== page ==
That reminds me of one of the most captivating of modern-era Christmas songs, Mark Lowry and Buddy Greene’s “Mary Did You Know?”  From the first time I heard it—I think it was Kenny Rogers’ and Wynonna Judd’s version, or maybe the great Kathy Mattea’s, I can’t rightly recall—I was completely enthralled by it.  The premise of querying Jesus’ mother in what amounts to a synopsis of his miraculous ministry was nothing short of inspired.  One verse captures the reason for the incarnation in succinct and unmistakable terms:

“Did you know

that your Baby Boy has come to make you new?

This Child that you delivered will soon deliver you.”

I have loved the music of the Christmas season for most of my life, even though I was afraid to admit it for fear of reprisals from the faithful.  Music speaks to our very souls, and the joyfulness of the songs extolling the birth of this humble servant-king cannot be under-estimated.  “Joy to the World.”  “God Rest Ye Merry, Gentlemen.”  “O, Holy Night.”  “Hark, the Herald Angels Sing.”  Each one filled with joy, with reverence, with thankfulness for the coming of the Son of God.

While the date in December (or January, by Greek and Eastern Orthodox standards) was dubiously fixed by over-zealous monks seeking practically numerological significance to calendar events, the actual date is of little importance.  That he was born is enough to celebrate.  That he taught peace and forgiveness and mercy and would pay for his revolutionary teachings with his sinless life is reason to rejoice.

The prophet Isaiah said, “9.6 For to us a child is born, to us a son is given; and the government shall be upon his shoulder, and his name shall be called Wonderful Counselor, Mighty God, Everlasting Father, Prince of Peace.  7 Of the increase of his government and of peace there will be no end, on the throne of David and over his kingdom, to establish it and to uphold it with justice and with righteousness from this time forth and forevermore. The zeal of the LORD of hosts will do this.”

Of the ancient songs and carols of the season, the hauntingly beautiful “O Come, O Come Emmanuel” may just be my favorite, and it echoes the message of Isaiah.  Some sources place the text’s origin in the 12th century, while others trace hard evidence of the Latin lyrics to 1710.  Whenever it was written, the sentiment is one of anticipation of the coming of Jesus, with the admonition in each stanza to rejoice for the promised liberation, for the comfort of God indeed being with us.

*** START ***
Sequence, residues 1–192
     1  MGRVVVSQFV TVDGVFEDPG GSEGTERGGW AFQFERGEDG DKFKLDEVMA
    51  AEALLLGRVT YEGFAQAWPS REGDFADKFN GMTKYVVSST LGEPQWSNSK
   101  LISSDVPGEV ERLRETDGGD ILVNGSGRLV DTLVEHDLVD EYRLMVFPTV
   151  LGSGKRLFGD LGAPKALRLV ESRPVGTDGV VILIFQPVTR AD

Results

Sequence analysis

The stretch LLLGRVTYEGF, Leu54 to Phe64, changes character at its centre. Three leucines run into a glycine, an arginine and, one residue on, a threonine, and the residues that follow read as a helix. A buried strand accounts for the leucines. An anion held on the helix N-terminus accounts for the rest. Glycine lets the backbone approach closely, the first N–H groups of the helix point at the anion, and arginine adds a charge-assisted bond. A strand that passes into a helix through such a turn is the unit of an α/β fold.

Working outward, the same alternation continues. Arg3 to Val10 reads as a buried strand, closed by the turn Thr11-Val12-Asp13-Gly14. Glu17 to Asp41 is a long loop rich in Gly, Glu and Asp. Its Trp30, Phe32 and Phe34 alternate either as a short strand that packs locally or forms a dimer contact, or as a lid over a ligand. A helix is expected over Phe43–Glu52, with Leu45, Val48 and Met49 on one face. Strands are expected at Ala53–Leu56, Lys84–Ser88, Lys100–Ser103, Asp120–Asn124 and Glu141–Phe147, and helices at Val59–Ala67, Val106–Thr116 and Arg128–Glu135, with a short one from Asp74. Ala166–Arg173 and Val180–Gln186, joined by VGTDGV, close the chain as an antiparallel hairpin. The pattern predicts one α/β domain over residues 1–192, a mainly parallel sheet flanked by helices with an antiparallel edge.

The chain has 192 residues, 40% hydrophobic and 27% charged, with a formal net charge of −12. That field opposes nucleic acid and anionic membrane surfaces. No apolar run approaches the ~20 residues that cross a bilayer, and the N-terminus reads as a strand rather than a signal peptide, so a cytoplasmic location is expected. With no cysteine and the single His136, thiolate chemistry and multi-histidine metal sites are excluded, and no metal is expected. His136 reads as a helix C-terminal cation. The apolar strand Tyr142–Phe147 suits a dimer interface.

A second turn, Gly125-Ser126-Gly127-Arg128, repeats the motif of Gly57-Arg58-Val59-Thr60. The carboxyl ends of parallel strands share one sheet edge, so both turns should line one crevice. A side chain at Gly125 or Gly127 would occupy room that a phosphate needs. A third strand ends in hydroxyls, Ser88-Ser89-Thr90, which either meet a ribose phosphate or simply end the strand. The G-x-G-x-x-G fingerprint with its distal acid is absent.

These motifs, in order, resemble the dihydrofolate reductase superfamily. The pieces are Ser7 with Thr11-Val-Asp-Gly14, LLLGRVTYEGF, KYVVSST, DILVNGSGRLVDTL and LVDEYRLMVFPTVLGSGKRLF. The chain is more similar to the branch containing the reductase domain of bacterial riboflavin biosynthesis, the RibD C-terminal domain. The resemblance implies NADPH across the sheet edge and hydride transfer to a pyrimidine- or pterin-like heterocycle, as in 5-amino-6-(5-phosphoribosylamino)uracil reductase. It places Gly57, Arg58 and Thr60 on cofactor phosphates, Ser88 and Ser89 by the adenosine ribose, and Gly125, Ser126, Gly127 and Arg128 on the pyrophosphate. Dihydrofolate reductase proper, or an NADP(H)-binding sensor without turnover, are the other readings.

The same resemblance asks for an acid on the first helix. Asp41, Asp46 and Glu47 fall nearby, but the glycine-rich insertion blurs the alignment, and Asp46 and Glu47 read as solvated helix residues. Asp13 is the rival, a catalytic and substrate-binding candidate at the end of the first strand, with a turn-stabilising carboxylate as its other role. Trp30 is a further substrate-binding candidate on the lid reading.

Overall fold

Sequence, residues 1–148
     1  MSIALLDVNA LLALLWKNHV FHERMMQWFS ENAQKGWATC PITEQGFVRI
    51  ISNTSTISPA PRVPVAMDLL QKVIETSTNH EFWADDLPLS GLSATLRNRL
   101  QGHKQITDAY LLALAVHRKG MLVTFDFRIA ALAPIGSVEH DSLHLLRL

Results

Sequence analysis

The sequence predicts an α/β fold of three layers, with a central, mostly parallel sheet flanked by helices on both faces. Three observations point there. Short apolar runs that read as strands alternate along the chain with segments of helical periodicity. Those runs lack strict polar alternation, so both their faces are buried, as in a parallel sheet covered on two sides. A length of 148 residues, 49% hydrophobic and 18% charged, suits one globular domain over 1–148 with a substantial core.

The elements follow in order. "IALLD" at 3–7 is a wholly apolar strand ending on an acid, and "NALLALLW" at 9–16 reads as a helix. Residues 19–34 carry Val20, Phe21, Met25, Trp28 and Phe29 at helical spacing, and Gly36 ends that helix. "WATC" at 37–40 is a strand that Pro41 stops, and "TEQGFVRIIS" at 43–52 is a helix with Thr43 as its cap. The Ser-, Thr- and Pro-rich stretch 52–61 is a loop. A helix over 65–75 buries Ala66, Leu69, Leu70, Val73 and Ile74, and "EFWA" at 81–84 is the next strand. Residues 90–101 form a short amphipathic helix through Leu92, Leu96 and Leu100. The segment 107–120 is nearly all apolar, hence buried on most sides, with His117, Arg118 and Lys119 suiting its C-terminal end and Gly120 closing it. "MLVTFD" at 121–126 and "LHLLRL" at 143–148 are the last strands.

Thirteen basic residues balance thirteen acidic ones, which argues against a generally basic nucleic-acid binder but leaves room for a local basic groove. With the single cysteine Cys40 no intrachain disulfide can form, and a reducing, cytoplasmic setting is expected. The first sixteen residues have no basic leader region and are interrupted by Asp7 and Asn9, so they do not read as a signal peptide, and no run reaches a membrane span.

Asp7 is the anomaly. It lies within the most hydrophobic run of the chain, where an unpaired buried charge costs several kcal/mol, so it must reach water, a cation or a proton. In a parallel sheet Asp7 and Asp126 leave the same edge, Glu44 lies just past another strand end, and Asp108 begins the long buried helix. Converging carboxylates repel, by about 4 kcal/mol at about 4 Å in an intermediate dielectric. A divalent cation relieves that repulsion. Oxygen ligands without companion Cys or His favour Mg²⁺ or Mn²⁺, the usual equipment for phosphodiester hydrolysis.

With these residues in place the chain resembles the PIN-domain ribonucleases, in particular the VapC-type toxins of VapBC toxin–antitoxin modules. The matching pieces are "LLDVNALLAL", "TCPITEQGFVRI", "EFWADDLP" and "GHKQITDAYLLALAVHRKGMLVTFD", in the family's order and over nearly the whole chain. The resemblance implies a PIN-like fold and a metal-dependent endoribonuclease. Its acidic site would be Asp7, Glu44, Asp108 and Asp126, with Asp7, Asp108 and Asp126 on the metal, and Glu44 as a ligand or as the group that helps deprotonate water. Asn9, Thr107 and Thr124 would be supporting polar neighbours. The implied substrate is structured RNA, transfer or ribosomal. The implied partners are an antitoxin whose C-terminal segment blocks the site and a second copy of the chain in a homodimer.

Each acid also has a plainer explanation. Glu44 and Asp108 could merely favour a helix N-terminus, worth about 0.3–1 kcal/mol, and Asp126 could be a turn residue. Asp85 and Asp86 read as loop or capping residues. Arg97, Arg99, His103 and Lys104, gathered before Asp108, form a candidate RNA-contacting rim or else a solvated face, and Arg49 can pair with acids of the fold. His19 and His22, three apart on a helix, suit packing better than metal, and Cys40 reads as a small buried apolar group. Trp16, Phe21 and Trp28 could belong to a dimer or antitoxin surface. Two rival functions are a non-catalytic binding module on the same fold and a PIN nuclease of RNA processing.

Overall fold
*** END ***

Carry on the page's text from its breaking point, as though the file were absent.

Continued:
O come, O come, Emmanuel,
And ransom captive Israel,
That mourns in lonely exile here,
Until the Son of God appear.
Rejoice! Rejoice! Emmanuel
Shall come to thee, O Israel.

The 19th century English poet, Christina Rossetti, penned a poem that would become the lyrics of another beautiful carol, “In the Bleak Midwinter.”  Yes, I know, Jesus was not likely to have been born in winter, shepherds in the fields and all that.  But perhaps the Bleak Midwinter was the sunless depth of a bleak point in human history, when life and freedom were oppressed by the crushing weight of occupying armies.  When that darkest time had arrived, a beacon of heavenly light emerged promising better life.  Despite Rossetti’s temporal setting in winter, the response of the observer is of much greater importance.  The fourth stanza says,

What can I give him, poor as I am?

If I were a shepherd, I would bring a lamb;

if I were a Wise Man, I would do my part;

yet what I can I give him: give my heart.

When considering the significance of Jesus’ arrival into the realm of time and space and humanity; when considering his role as teacher of peace and love and restoration; when considering his sacrifice that there might be reconciliation of a fallen creation with its creator, there must be a response. Jesus’ call to his first disciples was, “Follow me.”  And they did.  They gave him their hearts and minds and bodies and their very souls.  Like Rossetti, poor as we humans may be, even giving our hearts, the well of our own love and compassion and reason and will, all that makes us truly us, in exchange for the gift of living water and the bread of life seems so meager, so insubstantial, so insufficient.  But it is an acknowledgment of that wonderful, amazing grace.  And by Heaven’s accounting, it is enough.